Substance use screening is a recommended component of routine healthcare for adolescents. A 2008 survey of Massachusetts primary care physicians found high rates of screening, but low rates of validated tool use, leading to the concern that physicians may be missing substance use-related problems and disorders. In an effort to improve practice, a cross-disciplinary group developed and distributed an adolescent screening, brief intervention, and referral to treatment toolkit in 2009. A new survey of Massachusetts primary care physicians was conducted in 2014; this report describes its findings, and compares them to those from 2008.
A survey was mailed to a randomly selected sample of Massachusetts primary care physicians listed in the state Board of Registration in Medicine database. Item response frequencies were computed. Multiple logistic regression modeling was used to compare 2008 and 2014 responses, while controlling for any demographic differences between samples.
Pediatrician respondents in 2014 (analysis N = 130) reported a high rate of annually screening patients for alcohol use (96.2%), but only 56.2% reported using a validated screening tool. Rates of screening and validated tool use were higher in 2014 than 2008. Insufficient knowledge as a reported barrier to screening decreased from 2008 to 2014. However, lack of time or staff resources remained key perceived barriers to screening.
Our findings suggest that adolescent alcohol use screening practices among Massachusetts pediatricians have improved in recent years, during a time of national and statewide efforts to educate physicians. However, opportunities for practice improvement remain.
Adolescent Substance Abuse Program, Division of Developmental Medicine, Boston Children's Hospital (SL, REZ, LR, LB), Department of Pediatrics, Harvard Medical School (SL, SKH), Center for Adolescent Substance Abuse Research, Division of Developmental Medicine (SKH), Division of Adolescent/Young Adult Medicine, Boston Children's Hospital (SKH), Division of Child, Youth, and Family Services, Massachusetts Department of Mental Health (CF, HS), Massachusetts Child Psychiatry Access Program, Massachusetts Behavioral Health Partnership, Beacon Health Options, Boston, MA (JHS).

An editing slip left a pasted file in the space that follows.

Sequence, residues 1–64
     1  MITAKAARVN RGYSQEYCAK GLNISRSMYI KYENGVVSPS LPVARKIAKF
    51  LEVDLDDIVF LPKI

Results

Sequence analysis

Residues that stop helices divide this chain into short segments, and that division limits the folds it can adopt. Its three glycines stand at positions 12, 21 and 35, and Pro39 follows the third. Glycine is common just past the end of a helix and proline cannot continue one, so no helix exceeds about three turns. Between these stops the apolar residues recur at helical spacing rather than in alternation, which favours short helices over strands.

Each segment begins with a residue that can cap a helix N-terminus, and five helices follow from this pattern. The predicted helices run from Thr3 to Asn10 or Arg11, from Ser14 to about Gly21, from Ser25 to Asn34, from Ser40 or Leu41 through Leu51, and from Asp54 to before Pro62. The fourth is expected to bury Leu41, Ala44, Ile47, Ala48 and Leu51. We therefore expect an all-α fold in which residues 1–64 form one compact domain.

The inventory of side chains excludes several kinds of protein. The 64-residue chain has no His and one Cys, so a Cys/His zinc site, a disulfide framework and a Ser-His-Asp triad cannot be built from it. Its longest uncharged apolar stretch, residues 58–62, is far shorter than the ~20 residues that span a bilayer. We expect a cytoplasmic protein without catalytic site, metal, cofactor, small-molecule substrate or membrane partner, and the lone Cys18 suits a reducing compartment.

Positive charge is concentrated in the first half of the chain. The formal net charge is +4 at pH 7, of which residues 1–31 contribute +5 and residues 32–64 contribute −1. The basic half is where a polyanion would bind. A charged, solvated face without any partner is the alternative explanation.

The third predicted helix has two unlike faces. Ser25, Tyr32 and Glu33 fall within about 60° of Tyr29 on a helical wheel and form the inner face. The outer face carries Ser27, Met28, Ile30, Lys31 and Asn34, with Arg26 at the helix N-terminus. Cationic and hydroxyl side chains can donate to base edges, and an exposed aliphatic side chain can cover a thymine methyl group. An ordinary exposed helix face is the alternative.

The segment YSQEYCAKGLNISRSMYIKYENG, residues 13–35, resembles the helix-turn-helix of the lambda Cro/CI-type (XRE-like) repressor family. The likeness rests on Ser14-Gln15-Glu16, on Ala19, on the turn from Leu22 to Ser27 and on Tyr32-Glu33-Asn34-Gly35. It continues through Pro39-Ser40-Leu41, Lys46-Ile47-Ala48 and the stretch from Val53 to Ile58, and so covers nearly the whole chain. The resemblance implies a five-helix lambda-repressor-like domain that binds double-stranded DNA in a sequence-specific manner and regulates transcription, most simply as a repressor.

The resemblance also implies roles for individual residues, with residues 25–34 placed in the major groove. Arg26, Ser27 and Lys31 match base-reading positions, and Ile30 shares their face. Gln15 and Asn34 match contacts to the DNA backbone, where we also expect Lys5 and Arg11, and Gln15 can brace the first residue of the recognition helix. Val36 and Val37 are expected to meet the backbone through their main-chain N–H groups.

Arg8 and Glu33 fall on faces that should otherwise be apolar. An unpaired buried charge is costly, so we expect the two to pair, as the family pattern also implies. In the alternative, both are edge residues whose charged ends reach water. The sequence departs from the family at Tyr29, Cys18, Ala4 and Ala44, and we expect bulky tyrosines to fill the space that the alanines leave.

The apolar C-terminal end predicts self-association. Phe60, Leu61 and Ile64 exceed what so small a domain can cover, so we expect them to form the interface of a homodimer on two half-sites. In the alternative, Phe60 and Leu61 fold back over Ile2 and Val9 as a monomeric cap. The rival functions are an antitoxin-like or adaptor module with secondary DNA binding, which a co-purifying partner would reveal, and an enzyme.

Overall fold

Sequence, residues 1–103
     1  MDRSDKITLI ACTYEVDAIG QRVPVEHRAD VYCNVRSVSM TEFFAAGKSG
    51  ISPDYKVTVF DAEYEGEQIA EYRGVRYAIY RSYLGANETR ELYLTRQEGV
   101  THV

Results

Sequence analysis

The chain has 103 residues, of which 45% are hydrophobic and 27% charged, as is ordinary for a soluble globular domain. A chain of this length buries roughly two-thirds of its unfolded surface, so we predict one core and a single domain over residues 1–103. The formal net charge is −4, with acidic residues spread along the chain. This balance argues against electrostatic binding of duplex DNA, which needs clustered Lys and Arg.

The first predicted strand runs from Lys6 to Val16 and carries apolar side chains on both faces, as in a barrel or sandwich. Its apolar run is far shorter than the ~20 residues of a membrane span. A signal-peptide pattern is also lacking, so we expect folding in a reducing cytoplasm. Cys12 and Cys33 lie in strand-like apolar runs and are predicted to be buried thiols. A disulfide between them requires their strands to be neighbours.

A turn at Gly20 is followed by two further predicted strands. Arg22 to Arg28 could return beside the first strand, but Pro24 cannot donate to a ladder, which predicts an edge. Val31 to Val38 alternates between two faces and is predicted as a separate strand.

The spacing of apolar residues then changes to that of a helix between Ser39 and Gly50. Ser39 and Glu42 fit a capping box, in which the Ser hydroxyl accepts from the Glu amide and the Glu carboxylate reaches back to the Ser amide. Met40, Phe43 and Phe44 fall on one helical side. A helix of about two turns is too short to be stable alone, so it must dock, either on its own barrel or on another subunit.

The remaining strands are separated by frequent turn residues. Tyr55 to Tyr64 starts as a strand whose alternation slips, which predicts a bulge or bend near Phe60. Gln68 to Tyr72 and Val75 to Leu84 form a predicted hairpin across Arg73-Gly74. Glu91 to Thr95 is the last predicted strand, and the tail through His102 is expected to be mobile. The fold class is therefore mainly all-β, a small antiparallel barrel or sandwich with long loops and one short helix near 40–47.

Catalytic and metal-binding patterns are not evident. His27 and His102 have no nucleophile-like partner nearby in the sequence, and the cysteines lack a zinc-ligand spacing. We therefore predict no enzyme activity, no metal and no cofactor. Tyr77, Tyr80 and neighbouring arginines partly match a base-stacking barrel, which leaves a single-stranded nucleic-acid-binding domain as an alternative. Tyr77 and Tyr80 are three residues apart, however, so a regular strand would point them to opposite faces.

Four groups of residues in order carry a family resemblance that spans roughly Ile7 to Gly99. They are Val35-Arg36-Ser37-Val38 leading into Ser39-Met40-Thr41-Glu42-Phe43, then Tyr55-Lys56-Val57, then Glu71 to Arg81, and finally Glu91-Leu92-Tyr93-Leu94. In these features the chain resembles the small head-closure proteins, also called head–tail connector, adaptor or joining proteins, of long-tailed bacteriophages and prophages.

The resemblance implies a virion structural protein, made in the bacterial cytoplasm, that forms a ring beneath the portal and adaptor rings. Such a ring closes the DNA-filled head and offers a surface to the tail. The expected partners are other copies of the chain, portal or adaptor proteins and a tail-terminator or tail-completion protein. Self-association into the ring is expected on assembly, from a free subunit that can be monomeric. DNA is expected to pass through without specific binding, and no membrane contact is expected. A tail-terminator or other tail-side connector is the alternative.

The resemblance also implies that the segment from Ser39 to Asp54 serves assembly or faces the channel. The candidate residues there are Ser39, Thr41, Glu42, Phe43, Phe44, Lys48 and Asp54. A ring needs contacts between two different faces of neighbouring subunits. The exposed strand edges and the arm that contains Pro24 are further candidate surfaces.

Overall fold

Send correspondence to Sharon Levy, MD, MPH, Boston Children's Hospital, 300 Longwood Ave, Boston, MA 02115. E-mail: Sharon.Levy@childrens.harvard.edu.
Received 18 April, 2017
Accepted 2 July, 2017
The Massachusetts Department of Mental Health and Centers for Medicaid and Medicare Service, State Innovation Model grant to the Commonwealth of Massachusetts (CMS-1G1-12-001) provided support for the administration of the 2014 survey and the analysis of results. The Massachusetts Department of Public Health Bureau of Substance Abuse Services provided support for survey administration and the development of the screening, brief intervention, and referral to treatment toolkits. The authors acknowledge additional support from the National Institute on Alcohol Abuse and Alcoholism (1R01AA021904, 1R34AA023026, 1R01AA022493), the Substance Abuse and Mental Health Services Administration (#TI025389), and the Health Resources and Services Administration Maternal and Child Health Bureau's Leadership Education in Adolescent Health Training Program (#T71MC00009).
Ms Ziemnik and Dr Levy had full access to all the data in the study and take responsibility for the integrity of the data and the accuracy of the data analysis. Dr Levy supervised administration of the survey, data analysis, and preparation of the manuscript. Ms Ziemnik conducted data analyses and drafted the manuscript. Dr Harris advised data analysis, and assisted with manuscript revisions and editing. Ms Rabinow assisted data analysis and preparation of the manuscript. Ms Breen assisted with manuscript preparation and revisions. Ms Strother and Ms Fluet edited the draft article, 2014 survey, and 2015 SBIRT toolkit. Dr Straus edited the draft article, 2008 and 2014 surveys, 2009 and 2015 SBIRT toolkits and was responsible for administration of 2014 survey. The authors have no conflicts of interest to disclose.